Instructables

MacGyver McCafe Mocha Macro Moto

How I made a cellphone pinhole macro lens while sitting in a McDonald's enjoying my McCafe Mocha.

I wanted to take extreme closeups with my VGA resolution old-school Motorola V551.

Yeah, sure I could use a magnifying lens scavenged from a disposable camera.

But the game here was to be like MacGyver, and only use what was available to me sitting in the booth.

The black cup lid with the pre-punched pinhole gave me an idea.

And the cool Happy Meal dino didn't need any modding.

 
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Step 1: Go Army! (Swiss Army)

Picture of Go Army! (Swiss Army)
Can't imagine life without Swiss Army knives.

My mainstay is the tiny 58 mm Rambler knife because it has a combo Phillips screwdriver bottle opener wire-stripper blade.

Here it is cutting the pinhole out of my McCafe coffee lid.

The pinhole is used to vent the lid so it can be lifted off the dispensing stack.

But a pinhole is a pinhole, and I decided to see if it could let me take extreme closeup photos.

Step 2: Modding the Pinhole

Using my thumbnail, I modified the pinhole by making it smaller.

The raised edges from where it was pierced can be pushed towards the center of the hole.

Just check that it is fairly round by holding it up to the light.

A smaller hole means a sharper image.

Step 3: Mount the Macro Lens

To mount the pinhole lens, I just tucked the plastic lid piece into my folder cellphone hinge.

Careful, don't damage the ribbon cable in the hinge.

I bent over a small edge of the flat plastic so it would sit in the hinge and brace against the antenna.

Step 4: Bring me the head of Ronald McDonald

I decide to take a picture of the tiny Ronald McDonald only a few millimeters high printed on my Happy Meal bag.

The first image shows a photo without the pinhole macro lens.

The second shows a closeup of his head with the pinhole.

Next I snapped my receipt without the pinhole, and then with the pinhole.

Remember you'll need a lot of light and a rock-solid table top for the camera.

Experiment and let me know if you have any improvements.
Uncle Kudzu4 years ago
interesting! MacGyver could also use a piece of aluminum from a soda pop can for this. and if he had sandpaper (or a sidewalk), he could buff off the burrs left from the hole being punched/drilled to possibly get better refraction. anyway, yeah, big points for resourcefulness. who'da thunk it?
That's good but your choice of coffee is appalling! Macdonalds? MOCHA?! Starbucks LAtte please.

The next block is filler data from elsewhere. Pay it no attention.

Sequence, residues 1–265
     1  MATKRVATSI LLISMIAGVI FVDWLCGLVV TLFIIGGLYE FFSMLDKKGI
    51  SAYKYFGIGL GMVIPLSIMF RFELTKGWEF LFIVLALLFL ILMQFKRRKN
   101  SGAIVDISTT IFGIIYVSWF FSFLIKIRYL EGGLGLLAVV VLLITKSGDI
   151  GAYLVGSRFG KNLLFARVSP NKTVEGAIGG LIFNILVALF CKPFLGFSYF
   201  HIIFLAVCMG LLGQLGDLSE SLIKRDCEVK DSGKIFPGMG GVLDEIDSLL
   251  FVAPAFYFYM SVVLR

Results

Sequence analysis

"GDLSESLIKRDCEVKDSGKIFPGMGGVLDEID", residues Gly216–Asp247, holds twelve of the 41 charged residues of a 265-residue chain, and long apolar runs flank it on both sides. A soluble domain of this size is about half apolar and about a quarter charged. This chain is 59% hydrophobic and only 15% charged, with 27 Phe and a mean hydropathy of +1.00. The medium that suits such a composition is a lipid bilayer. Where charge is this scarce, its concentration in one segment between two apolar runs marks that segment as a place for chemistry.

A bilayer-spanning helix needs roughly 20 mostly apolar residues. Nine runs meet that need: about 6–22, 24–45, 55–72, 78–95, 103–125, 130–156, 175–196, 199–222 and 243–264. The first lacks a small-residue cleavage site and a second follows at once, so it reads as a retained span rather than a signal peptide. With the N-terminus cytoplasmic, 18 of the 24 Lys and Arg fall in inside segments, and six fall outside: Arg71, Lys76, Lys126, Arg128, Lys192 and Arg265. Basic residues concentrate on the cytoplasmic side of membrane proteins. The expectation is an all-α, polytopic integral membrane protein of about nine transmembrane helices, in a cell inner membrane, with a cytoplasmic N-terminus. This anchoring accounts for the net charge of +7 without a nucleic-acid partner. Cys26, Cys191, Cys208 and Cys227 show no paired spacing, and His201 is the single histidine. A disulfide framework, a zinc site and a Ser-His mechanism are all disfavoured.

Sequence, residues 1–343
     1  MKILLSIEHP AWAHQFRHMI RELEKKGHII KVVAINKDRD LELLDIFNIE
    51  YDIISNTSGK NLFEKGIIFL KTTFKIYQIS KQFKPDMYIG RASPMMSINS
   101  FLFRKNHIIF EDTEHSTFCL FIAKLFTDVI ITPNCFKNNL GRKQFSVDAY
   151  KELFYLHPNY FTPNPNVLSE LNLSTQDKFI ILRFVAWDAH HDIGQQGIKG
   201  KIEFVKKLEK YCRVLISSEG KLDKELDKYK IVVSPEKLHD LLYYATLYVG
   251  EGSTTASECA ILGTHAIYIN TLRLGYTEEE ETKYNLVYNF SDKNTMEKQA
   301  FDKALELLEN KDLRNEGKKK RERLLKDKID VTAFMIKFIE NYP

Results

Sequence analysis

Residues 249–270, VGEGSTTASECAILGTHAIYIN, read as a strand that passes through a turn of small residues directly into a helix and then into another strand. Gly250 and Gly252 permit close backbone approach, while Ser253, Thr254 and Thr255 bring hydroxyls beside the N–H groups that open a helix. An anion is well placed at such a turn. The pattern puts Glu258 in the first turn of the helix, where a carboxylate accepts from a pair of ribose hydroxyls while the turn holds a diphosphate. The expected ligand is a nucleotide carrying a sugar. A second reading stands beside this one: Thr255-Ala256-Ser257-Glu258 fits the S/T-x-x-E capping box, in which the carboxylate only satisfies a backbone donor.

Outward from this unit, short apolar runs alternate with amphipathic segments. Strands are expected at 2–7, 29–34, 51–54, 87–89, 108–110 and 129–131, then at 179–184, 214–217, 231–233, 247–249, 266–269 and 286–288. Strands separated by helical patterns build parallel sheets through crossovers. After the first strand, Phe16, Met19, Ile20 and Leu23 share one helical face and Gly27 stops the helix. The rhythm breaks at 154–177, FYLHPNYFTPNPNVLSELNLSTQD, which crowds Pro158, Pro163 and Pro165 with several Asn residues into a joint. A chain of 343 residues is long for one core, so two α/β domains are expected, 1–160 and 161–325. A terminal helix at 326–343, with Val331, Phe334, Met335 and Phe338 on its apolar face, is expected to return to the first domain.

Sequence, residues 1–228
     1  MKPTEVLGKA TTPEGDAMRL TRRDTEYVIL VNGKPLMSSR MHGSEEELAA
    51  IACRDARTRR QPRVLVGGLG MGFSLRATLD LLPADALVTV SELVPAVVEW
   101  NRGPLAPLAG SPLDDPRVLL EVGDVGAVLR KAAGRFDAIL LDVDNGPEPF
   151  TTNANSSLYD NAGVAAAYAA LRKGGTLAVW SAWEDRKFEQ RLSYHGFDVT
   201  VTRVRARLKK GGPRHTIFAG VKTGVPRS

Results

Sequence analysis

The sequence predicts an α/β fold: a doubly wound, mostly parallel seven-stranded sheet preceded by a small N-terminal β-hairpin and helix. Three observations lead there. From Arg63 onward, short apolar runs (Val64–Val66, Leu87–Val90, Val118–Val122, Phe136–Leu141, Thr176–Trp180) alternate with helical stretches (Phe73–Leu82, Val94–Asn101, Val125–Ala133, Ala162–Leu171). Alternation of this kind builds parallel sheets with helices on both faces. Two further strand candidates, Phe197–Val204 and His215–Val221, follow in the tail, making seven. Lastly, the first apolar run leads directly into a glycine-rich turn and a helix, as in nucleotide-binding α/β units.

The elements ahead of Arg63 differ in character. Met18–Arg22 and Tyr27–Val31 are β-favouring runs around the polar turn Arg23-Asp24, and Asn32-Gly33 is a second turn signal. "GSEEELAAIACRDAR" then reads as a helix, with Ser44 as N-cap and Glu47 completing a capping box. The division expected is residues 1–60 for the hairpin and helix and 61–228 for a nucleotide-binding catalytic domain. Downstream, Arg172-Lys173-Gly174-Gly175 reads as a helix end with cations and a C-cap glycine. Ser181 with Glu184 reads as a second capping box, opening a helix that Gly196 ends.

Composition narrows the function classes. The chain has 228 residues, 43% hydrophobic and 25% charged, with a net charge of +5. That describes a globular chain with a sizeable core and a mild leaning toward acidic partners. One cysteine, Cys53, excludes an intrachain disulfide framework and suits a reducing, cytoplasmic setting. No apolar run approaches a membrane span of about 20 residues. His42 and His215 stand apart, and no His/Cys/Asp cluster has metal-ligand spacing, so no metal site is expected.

iectyx3c (author)  thefunktopus5 years ago
Great, I registered a Starbucks card number 6043659185260812 - Now you can load some moolah (dollars, pounds, euros gladly accepted) and describe exactly which bean, condiments, style, size, of Starbucks Latte I should try. Always glad to learn new vices. The barista said that the most popular latte was the mocha style, but I won't touch it if you say so.

Here's the load yer pal's card link. Thanks in advance for your guidance.
wware iectyx3c5 years ago
I kinda like the McDonalds mocha. Though I don't like the iced version.
lol I must say that I agree with thefunktopus. But Nice instructable. I love the MacGyver style.
Lol Not bloody likely!!!
Simply brilliant.
piaferre5 years ago
Inspiring instructable!
iectyx3c (author)  piaferre5 years ago
Thank you. The best camera is the camera you have with you.

This is really just a fun experiment. It's not really a good way to take macro photos.

If you could see the time stamps on the photos, you would see that I didn't spend much time on this idea. Only about the time it takes to drink a cup of coffee.
I'm in love with the simple and functional. I read about this for my optics class but never thought of doing it with a cellphone camera, great combination.
iectyx3c (author)  piaferre5 years ago
I tried another way to make a pinhole by cutting two lid pieces with narrow V shapes. Each piece had slots on the side so they slid into each other and made a diamond shape aperture. But it was not as simple or good as the original pinhole.

Another discovery is that since I was sitting at a sunny window, I was able to use nice bright sunlight. I found that the artificial lighting under high magnification produced 60 Hz bands across the image.